22. The 2009 Bridges China Dialogue : China and Global Sustainable Recovery: Trade, Energy Conservation and Low-carbon Initiatives, October 26–28, 2009, Geneva

7 September 2009

The world no longer has just one indispensable nation. Along with the United States, China will be at the centre of any lasting solution to the globe's two most pressing economic concerns: recovering from the worst financial crisis since the 1930s and containing climate change.

Whatever growth the world economy sees this year will come primarily from China. A flood of cheap loans from state-owned banks and a massive, four trillion yuan (US$586 billion) fiscal stimulus package have seen China maintain robust growth rates while the world's other major economies have been shrinking.  But much of this growth has come from massive investments in infrastructure. Spending by Chinese consumers is not outpacing the expansion of the economy as a whole, while demand for China's exports remains weak. Putting global financial balances on an even keel will require people in surplus economies like Japan, Germany, and China to spend more, while Americans extend their crisis-induced uptick in saving.

Meanwhile, China has overtaken the United States to become the world's biggest emitter of greenhouse gases. Growing emissions in countries like China and India have contributed to the polarisation of international climate negotiations ahead of the Copenhagen climate summit in December. Developed countries point out, not without reason, that global efforts to limit greenhouse gas levels in the atmosphere will fail if emissions growth by emerging economies continues unabated. China and others counter, also correctly, that rich countries have far higher per capita emissions, are responsible for the vast majority of accumulated GHG emissions resulting from human activity, and thus should accept far steeper cuts while forking over more money and technology to help poorer countries mitigate and adapt to climate change.

China has taken steps to address both problems. Beijing has ramped up social spending, notably on healthcare, in an attempt to ease consumers' anxieties about needing to save up for potential future health-related expenditures. The government is moving to blunt the steep upward trajectory of the country's greenhouse gas emissions, with policies for increasing energy efficiency and the proportion of electricity coming from clean sources. Some US$67 billion of the current stimulus package has been targeted at sustainable energy. A larger US$440 billion plan solely devoted to green energy is under consideration. China has already emerged as a world leader in solar and wind energy technology and production. China-based Suntech Power, for instance, recently became the world's largest manufacturer of solar modules.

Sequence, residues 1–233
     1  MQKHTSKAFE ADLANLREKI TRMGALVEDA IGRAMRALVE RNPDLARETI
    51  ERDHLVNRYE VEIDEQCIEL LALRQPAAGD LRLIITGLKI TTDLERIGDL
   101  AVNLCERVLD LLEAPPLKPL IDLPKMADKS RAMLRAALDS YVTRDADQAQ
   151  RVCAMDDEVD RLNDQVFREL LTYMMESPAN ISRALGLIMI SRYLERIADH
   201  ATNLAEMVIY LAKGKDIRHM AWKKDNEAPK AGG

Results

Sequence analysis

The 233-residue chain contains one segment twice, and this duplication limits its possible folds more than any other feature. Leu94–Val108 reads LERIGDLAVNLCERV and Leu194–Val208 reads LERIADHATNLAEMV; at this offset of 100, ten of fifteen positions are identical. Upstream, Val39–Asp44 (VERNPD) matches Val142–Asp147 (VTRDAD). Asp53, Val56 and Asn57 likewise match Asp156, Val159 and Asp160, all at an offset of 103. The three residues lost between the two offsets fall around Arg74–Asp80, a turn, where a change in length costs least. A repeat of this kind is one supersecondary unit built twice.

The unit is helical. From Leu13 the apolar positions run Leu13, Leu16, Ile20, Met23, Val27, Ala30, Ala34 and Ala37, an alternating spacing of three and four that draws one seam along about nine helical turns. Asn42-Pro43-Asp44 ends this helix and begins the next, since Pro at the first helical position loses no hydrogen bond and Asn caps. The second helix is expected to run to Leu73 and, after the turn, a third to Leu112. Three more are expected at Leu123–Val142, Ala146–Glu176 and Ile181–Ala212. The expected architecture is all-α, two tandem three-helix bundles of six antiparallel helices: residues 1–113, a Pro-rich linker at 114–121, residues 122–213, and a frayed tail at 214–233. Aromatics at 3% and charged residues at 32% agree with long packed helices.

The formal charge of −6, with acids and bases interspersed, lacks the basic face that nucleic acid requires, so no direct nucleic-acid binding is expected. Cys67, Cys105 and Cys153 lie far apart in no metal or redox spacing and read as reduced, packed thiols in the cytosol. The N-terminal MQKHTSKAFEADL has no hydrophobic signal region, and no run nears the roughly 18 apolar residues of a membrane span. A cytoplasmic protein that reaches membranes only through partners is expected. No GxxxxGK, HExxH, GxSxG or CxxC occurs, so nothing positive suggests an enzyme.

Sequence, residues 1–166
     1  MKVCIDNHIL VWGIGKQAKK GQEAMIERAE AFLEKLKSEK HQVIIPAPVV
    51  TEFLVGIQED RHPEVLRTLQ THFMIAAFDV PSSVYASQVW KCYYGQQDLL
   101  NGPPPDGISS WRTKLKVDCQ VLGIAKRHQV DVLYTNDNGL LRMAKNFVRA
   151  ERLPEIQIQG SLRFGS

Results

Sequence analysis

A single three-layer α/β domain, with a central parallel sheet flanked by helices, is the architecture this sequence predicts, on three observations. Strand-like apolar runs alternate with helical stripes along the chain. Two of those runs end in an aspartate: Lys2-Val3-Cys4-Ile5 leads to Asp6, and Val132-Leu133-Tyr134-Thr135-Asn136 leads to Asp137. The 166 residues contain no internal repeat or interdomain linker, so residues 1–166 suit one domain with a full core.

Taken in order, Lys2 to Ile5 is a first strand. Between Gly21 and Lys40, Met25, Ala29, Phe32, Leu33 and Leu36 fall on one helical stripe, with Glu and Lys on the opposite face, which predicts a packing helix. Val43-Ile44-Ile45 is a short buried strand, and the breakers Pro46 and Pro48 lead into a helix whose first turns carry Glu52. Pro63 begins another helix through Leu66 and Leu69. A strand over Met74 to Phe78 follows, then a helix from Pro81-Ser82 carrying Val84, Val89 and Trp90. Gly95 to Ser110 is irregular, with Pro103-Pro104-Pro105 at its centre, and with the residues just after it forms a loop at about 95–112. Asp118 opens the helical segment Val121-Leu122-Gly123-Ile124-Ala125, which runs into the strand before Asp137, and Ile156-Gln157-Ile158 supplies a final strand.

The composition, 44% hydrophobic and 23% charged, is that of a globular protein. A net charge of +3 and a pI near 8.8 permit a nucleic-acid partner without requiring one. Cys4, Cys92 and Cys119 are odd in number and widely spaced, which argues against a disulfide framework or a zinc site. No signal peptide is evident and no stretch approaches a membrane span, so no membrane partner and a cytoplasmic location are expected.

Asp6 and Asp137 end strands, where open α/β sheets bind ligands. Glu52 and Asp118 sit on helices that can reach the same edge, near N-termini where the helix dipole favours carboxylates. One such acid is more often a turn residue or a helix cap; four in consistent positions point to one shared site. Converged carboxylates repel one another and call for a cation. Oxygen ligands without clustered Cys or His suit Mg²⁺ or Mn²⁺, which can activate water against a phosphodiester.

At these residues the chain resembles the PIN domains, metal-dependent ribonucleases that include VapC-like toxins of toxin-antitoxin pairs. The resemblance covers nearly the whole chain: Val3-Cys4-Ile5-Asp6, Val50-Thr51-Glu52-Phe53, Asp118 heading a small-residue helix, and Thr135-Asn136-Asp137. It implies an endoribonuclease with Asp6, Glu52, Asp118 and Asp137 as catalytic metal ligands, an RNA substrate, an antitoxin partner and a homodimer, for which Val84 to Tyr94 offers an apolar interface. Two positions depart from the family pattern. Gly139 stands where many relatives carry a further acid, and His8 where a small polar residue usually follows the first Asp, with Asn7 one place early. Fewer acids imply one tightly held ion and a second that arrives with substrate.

But serious challenges remain. Will China's economic recovery be durable? Is the massive infrastructure investment poised to lock in carbon-intensive production? How can China use the crisis as an opportunity to transform its institutional and industrial structure to support a cleaner, greener future? Can Chinese businesses move up the value chain?

The policies China pursues will have dramatic ramifications, whether for businesses seeking growth opportunities or for developing countries pursuing their own industrialization.

The 2009 Bridges China Dialogue: China and Global Sustainable Recovery will bring together

experts from government, business, academia and civil society for an in-depth examination of China's market and policy dynamics. Top policy-makers will analyse China's place in the rapidly evolving patchwork of institutions for global governance; business leaders will highlight opportunities for investment and co-operation.  The conference will be held at the World Meteorological Organisation in Geneva from 26-28 October.

The keynote speaker will be Yutai Zhang, minister and president of the powerful State Council's Development Research Centre, who will highlight the lessons China has drawn from the global financial crisis, as well as the sustainability implications of Beijing's policy response.

For information on panels, speakers and attendance, please visit  www.bridges-china.com

This article is published under
9 October 2014
The European Commission released a new proposal this week for implementing the 28-nation bloc’s Fuel Quality Directive. Notably, this revised plan omits a requirement that oil extracted from tar...
Share: 
16 October 2014
TACKLING AGRICULTURE IN THE POST-BALI CONTEXT: A COLLECTION OF SHORT ESSAYS. Edited by Ricardo Meléndez-Ortiz, Christophe Bellmann, and Jonathan Hepburn for the International Centre for Trade and...
Share: